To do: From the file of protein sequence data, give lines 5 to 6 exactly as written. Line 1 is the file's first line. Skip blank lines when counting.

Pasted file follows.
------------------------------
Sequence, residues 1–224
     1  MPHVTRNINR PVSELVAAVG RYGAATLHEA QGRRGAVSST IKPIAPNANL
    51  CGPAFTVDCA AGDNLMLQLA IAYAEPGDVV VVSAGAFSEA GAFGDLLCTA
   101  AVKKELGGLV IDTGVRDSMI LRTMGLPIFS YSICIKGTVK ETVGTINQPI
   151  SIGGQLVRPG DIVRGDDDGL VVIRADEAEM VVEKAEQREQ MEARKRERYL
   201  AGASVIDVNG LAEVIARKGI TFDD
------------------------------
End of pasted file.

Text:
   151  SIGGQLVRPG DIVRGDDDGL VVIRADEAEM VVEKAEQREQ MEARKRERYL
   201  AGASVIDVNG LAEVIARKGI TFDD